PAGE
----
Police have banned climate campaigners Extinction Rebellion (XR) from protesting in London, a move that human rights groups have condemned as “chilling”. What power does the police have to do this, and is it lawful? EachOther explores.
What Has Happened?
Image Credit: Thomas Katan.
Metropolitan Police officers announced late on Monday night (14 October) a city-wide ban on XR’s mass civil disobedience campaign under section 14 of the Public Order Act. It comes after protesters, who are in the second week of their ‘Autumn Uprising’, flouted an order made last week to confine their demonstrations to Trafalgar Square.
The pressure group says it has sent the Met a letter threatening legal action – a first step towards a judicial review.
More than 1,457 people have been arrested so far in connection with the uprising and it is clear that XR will continue in defiance of the ban, despite risking arrest. Gail Bradbrook, one of the organisations founders, led a protest at the Department for Transport this morning. “I do this in the spirit of what Emmeline Pankhurst called the noble art of window smashing,” she said.
The group has three demands: that the government “tell the truth” and declare an ecological climate emergency; that the government adopt a target of zero carbon by 2025; and for the creation of a citizens’ assembly to decide future policy on the environment.
What About The Right To Protest?
The banning on non-violent protest throughout London clearly infringes both of these rights. However, both rights are qualified – meaning states can take proportionate steps to curtail them when deemed necessary, to prevent crime or disorder among other reasons. The key question is whether the arrests satisfy this proportionality test.
Is This Lawful?
Image Credit: Thomas Katan.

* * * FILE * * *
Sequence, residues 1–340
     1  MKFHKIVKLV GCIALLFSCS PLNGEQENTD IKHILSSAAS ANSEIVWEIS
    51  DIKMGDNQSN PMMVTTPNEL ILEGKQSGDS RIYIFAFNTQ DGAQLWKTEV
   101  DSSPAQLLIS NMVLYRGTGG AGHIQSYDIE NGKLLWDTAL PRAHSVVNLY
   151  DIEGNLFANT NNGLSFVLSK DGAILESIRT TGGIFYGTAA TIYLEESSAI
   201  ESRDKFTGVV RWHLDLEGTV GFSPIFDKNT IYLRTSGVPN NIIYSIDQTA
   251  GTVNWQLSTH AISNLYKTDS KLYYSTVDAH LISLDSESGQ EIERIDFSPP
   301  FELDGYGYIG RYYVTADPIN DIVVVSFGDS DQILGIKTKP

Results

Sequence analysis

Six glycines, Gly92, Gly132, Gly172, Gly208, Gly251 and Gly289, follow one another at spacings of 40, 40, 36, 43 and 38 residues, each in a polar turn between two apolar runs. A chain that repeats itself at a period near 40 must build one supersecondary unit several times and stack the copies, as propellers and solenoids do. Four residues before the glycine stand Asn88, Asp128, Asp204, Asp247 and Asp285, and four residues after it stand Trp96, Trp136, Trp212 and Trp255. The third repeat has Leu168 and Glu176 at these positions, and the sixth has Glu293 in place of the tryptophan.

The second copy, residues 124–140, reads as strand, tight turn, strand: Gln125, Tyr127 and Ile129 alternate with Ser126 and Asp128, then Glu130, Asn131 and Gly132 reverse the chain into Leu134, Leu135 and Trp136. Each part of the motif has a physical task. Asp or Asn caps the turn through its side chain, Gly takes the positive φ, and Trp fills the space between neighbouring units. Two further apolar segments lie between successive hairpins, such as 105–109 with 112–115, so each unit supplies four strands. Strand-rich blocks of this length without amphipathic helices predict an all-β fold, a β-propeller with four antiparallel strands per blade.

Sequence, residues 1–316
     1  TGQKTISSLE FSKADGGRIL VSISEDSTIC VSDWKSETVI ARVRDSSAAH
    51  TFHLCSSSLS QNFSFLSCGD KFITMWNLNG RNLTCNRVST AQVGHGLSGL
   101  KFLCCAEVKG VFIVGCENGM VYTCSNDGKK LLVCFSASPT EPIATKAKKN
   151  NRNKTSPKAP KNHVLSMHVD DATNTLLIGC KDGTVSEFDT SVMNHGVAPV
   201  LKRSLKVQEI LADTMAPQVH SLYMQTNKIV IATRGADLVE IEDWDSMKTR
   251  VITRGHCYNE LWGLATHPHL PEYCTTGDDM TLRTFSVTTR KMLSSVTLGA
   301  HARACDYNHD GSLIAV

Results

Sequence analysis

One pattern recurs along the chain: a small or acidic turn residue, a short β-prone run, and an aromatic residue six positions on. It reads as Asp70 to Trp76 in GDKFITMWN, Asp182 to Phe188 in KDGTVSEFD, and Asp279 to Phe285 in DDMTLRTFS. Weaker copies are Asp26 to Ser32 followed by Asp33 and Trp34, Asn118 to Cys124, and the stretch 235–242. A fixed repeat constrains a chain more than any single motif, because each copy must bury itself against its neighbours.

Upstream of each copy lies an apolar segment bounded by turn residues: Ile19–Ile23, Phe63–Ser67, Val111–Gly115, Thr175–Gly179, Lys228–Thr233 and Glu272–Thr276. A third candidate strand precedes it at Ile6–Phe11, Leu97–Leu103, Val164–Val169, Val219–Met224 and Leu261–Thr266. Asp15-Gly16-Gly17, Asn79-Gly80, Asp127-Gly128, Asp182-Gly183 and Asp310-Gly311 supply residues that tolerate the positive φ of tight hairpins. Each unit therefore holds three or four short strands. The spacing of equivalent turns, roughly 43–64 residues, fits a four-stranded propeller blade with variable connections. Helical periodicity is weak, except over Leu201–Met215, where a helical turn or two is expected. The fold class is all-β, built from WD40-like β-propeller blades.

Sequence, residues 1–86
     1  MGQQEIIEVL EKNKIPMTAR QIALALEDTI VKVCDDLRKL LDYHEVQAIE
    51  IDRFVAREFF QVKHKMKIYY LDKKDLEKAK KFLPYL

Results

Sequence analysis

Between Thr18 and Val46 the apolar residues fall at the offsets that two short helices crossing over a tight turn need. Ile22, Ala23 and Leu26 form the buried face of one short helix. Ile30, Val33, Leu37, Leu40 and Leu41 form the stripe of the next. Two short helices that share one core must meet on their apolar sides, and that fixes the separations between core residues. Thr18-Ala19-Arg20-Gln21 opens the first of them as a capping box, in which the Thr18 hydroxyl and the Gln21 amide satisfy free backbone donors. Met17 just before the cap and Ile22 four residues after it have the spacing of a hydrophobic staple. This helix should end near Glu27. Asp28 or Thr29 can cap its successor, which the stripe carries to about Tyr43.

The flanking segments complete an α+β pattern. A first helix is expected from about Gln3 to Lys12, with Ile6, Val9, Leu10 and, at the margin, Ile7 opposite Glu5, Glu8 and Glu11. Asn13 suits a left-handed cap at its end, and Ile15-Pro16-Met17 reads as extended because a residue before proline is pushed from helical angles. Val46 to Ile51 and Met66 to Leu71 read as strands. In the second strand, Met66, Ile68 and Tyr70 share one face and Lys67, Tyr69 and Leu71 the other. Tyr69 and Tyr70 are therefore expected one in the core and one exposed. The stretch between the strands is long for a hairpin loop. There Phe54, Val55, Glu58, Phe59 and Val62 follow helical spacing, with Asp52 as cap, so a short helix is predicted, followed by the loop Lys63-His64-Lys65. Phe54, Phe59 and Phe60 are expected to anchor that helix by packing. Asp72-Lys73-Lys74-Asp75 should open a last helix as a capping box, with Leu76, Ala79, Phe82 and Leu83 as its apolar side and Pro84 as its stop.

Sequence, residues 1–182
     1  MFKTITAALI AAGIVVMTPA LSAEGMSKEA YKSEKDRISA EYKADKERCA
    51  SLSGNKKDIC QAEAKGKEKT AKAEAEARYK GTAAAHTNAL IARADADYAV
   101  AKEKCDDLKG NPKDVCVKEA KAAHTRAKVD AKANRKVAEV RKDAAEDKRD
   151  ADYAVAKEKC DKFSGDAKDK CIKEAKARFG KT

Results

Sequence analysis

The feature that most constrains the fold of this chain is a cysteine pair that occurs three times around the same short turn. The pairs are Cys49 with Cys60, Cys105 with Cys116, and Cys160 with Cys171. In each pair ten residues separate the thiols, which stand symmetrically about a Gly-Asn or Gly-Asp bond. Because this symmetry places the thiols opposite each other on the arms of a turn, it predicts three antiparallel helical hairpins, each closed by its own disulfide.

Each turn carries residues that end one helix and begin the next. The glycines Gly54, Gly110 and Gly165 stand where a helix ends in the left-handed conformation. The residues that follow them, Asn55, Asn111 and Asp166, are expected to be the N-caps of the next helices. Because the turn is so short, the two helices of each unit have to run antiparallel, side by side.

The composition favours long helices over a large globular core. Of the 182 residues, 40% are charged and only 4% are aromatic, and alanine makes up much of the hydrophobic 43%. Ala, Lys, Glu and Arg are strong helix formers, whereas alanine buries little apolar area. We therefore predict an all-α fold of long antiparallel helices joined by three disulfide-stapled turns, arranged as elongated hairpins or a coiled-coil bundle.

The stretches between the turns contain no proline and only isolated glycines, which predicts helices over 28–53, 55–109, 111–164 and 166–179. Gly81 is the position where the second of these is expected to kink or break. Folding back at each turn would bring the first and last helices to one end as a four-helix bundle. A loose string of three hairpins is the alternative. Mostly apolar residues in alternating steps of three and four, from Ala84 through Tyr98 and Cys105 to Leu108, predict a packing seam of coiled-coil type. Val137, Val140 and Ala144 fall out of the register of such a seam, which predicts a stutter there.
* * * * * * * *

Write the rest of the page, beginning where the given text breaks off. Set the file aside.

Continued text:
The Met’s Deputy Assistant Commissioner Laurence Taylor justified the police ban on XR by citing “the continued breaches of the section 14 condition previously implemented, and ongoing serious disruption to the community.”
He added: “Since the beginning of this operation officers have been working hard to keep London moving. There have been more than 1,400 arrests, and a number of people have been charged. The policing operation continues, and we will continue to take action against anyone engaged in unlawful protests at locations targeted by Extinction Rebellion.”
But the move has been met with condemnation from MPs and human rights groups, among others.
Allan Hogarth, Head of Advocacy and Programmes at Amnesty International UK, said: “Imposing a blanket ban on Extinction Rebellion protests is an unlawful restriction on the rights to freedom of expression and peaceful assembly. Under UK and international human rights law, the government has an obligation to facilitate the exercise of these rights.”
She added: “The majority of those protesting have been doing so peacefully, removing and prosecuting activists for engaging in non-violent direct action to raise their voice is deeply worrying. Overly harsh and disproportionate charges will have a chilling effect on rights.”
The more I think about this, the more I think this will be overturned by the courts. It is so wide that it will capture any kind of XR assembly in London. Surely disproportionate to the (valid) aim of preventing commuter disruption
— Adam Wagner (@AdamWagner1) October 15, 2019
Taking to Twitter, human rights barrister Adam Wagner said he believes a court would likely overturn this section 14 order – considering it to be disproportionate.
- Extinction Rebellion: ‘Preemptive Protests set dangerous precedent.’
- An Extinction Rebellion activist tells EachOther why the group is protesting in London.
- An opinion piece on why the climate crisis is a human rights issue.